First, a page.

Despite the rain, Athens locals congregated downtown to fight for issues of injustice at the 41st annual Athens Human Rights Festival.
A stage was set up on College Avenue where musicians performed and people presented topics relating to the festival’s “Social Justice, Environmental Justice" theme on May 4. The two-day event encourages the Athens community to unite for a weekend of activism.
Avery Evans is a junior international affairs and sociology major from Decatur. She serves on the festival’s board and has worked to promote the event by taking over various secretarial roles. Evans described the festival as being a space “for groups to come together and learn from each other and be happy in that environment.”
Although discussions at the festival deal with hot-button issues, such as immigration and climate change, Evans said that the people who show out typically focus more on uplifting and educating one another.
The event features a variety of local artists to entertain attendees. In between musical performances, a speaker takes to the stage to talk about topics pertaining to human rights or environmental issues. Each person has a 15-minute window to share their platform with the crowd and voice their opinions. The festival aims to represent and highlight a variety of issues.
McEver Dugan, an Athens Earth Strike organizer, spoke about the organization’s mission, which is to advocate for a global general strike in September. Through this tactic, the organization hopes to persuade corporations and the government at the local and national level to directly address climate change. Dugan gave a passionate speech about humans’ effect on the environment. During her 15-minute time slot, she broached the idea of “stopping capitalism and unjust hierarchies” in a bid to prevent what she described as an ecological catastrophe.
Executive Director of Extra Special People Laura Whitaker followed Dugan. She focused more on the topic of human rights issues, which relates to the organization’s goal of supporting people with disabilities.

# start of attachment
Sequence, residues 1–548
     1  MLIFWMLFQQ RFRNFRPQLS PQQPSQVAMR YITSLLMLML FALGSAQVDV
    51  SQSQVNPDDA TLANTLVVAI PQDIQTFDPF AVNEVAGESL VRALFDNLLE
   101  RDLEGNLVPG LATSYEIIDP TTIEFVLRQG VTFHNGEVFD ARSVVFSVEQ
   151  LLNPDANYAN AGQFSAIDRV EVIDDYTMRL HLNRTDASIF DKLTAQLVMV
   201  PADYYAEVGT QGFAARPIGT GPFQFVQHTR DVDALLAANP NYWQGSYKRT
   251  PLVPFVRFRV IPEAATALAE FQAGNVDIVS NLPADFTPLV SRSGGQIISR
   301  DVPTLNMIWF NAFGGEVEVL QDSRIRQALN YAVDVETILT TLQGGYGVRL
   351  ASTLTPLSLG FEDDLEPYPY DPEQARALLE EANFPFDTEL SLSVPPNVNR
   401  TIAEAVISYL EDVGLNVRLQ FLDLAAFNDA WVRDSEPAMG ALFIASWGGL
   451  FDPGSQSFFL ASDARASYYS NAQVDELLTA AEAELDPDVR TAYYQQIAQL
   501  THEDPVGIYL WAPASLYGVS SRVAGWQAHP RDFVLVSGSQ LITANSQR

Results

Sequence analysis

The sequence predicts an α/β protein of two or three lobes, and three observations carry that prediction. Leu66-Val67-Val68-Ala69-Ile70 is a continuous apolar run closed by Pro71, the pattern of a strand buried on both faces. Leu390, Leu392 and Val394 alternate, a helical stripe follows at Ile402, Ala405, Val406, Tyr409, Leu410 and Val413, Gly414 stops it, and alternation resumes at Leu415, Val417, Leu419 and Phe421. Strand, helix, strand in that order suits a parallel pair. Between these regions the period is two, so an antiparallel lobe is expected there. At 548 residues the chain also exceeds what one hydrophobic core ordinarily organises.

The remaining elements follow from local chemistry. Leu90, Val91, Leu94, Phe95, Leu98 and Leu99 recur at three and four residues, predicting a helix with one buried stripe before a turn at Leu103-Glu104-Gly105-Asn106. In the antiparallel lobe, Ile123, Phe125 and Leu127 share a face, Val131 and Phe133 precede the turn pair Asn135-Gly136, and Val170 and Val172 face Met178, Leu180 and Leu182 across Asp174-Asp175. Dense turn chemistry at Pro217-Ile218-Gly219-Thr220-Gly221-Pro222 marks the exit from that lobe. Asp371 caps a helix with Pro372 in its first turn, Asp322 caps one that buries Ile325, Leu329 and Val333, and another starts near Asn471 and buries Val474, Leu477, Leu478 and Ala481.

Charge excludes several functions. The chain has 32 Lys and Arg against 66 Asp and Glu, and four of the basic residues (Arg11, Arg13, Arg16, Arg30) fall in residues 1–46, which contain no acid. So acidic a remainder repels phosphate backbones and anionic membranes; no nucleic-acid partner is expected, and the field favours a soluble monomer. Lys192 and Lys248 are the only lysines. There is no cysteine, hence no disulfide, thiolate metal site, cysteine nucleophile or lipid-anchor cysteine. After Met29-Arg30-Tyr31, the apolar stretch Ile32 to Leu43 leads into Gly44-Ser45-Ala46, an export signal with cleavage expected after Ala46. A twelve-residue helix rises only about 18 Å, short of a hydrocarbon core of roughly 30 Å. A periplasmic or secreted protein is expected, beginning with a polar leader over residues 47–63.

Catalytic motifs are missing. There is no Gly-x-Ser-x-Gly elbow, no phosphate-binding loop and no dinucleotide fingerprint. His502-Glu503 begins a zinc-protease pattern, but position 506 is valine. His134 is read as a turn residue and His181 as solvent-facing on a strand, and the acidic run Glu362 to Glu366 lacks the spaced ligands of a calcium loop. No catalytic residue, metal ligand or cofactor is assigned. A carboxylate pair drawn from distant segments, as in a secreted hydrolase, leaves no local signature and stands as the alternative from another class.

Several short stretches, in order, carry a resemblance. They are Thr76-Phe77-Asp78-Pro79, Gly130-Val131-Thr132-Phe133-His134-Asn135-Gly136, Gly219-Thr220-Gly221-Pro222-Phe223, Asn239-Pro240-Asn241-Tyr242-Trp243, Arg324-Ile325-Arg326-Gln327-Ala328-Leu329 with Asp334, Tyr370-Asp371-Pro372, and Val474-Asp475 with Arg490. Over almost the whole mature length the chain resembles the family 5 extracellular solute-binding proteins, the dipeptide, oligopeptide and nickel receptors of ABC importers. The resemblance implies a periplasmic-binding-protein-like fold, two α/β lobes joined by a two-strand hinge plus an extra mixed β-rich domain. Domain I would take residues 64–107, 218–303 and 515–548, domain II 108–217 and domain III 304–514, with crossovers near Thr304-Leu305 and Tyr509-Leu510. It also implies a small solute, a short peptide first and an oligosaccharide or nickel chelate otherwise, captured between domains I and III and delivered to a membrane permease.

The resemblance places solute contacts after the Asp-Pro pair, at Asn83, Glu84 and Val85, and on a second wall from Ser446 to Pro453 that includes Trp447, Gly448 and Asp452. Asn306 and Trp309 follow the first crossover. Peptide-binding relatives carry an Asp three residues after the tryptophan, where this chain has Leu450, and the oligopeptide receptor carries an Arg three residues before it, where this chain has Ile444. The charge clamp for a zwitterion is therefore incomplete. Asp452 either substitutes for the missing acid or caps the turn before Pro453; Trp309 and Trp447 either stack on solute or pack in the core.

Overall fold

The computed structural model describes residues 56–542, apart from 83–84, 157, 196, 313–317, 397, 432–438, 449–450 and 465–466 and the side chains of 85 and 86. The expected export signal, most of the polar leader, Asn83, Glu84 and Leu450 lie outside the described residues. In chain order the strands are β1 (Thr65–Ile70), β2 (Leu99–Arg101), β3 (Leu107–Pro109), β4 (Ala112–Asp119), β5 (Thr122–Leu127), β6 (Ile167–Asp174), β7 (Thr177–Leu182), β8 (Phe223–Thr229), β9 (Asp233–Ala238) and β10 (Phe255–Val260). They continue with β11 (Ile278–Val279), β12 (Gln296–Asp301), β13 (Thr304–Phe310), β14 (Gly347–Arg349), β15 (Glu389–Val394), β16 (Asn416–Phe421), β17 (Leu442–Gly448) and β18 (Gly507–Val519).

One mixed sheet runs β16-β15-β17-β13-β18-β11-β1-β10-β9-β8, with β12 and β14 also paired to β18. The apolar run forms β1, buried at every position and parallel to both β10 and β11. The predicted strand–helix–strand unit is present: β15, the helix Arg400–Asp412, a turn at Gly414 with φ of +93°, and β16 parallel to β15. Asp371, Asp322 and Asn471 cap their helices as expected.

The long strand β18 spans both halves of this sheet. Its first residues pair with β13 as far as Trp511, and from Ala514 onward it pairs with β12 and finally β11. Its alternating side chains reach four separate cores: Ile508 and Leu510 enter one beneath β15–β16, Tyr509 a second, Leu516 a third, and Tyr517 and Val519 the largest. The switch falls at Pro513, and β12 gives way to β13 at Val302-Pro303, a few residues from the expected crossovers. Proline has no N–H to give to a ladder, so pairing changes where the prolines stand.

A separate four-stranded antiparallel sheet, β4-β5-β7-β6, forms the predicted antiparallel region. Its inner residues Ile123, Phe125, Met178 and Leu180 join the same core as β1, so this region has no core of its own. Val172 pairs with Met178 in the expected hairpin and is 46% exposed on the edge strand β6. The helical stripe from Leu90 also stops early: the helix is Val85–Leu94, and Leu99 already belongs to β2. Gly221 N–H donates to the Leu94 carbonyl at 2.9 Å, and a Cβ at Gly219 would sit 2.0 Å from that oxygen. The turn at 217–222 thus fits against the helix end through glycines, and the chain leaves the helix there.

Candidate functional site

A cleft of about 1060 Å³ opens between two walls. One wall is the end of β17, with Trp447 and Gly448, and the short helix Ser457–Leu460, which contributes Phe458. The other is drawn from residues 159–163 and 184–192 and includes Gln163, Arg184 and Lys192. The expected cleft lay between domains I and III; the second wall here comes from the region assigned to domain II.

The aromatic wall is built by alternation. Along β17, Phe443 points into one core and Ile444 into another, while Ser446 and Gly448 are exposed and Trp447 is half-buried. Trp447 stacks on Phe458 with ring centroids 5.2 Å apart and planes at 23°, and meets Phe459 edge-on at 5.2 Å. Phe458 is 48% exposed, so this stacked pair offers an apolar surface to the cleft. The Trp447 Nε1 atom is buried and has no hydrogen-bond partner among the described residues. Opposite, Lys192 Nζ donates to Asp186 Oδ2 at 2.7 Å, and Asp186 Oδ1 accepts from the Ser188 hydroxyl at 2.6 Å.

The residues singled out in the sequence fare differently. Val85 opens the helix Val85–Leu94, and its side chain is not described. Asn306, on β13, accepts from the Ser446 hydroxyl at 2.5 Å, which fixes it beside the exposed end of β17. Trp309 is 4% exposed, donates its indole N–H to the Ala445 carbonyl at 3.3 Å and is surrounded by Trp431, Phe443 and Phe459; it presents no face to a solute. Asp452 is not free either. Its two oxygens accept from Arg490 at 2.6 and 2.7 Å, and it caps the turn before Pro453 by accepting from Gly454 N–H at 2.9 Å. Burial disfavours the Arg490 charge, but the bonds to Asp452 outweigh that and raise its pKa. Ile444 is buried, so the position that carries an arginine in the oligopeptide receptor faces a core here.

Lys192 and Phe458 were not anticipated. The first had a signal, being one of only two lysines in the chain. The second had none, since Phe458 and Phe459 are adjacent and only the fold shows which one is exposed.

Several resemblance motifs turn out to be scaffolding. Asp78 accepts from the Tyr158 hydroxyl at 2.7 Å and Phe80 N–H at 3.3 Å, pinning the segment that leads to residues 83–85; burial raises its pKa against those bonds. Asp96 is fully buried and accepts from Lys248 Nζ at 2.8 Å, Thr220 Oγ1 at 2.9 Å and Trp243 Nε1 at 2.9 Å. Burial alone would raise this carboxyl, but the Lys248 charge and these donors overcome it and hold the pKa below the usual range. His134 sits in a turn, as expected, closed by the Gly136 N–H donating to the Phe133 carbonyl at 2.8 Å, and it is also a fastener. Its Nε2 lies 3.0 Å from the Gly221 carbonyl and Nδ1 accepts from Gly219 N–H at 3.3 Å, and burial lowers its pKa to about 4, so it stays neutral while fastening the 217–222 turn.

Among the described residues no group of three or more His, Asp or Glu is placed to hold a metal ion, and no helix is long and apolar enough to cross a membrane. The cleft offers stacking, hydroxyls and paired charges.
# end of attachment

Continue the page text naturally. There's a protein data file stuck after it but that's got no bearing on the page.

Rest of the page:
Whitaker metaphorically compared people with developmental disabilities to dandelions. Although many adults today view dandelions as pesky weeds, she said, children often find beauty in the plants. Whitaker encouraged festival-goers to adopt this childlike attitude and incorporate it into daily living as it relates to every individual, not just those with disabilities. She told her audience that each and every person possesses abilities that make them unique.
“I hope that you find those abilities, that you’ll capture them, that you’ll magnify them, and that you’ll spend a portion of your life giving them away,” she said.
Amnesty International at UGA is another organization that made an appearance. This club’s mission focuses on educating students on human rights issues and empowering them to take action. Sabina Ashurova is a freshman economics major originally from Uzbekistan. She acts as the president of UGA’s chapter and also works with Amnesty USA National Youth Collective. Ashurova also believes that the event’s two main topics of human rights and environmental issues are connected.
“A lot of the people being impacted most by environmental issues are people who are already suffering from other human rights issues. They really go hand in hand,” she said. “Unless we tackle environmental issues first, we won’t be able to deal with social justice issues.”
In addition to the stage, rows of tables lined the street to educate attendees about various causes. Among the organizations represented was Live Forward, which works to provide support and administer care to those affected by HIV. Live Forward is set to take the stage tomorrow for the second day of the event.
Another goal of the festival is to encourage inclusivity not only for people entertaining a variety of viewpoints, but also those representing a range of ages. For many, coming to the Human Rights Festival is a yearly tradition.
UGA’s Latin American and Caribbean Studies Institute Associate Director and Outreach Coordinator Paul Duncan attended the event with the goal of introducing his two daughters to the importance of activism. This year’s topic of environmental injustice resonated with him.
“Nothing else really matters if my kids don’t have a planet to live on in three or four decades,” he said.
His daughter Camille shared the same passion for education. A junior in high school, she said the festival serves as a way for her to learn more about issues related to the environment and human rights. She said she recognizes the significance of uniting with those around her and gaining exposure to different viewpoints.
“I’m someone who likes to stay involved in the community,” she said. “I try to fill out my name on forms at the different tents, get involved in the community and meet new people to see what Athens is doing.”
The Sunday schedule for the festival can be found here.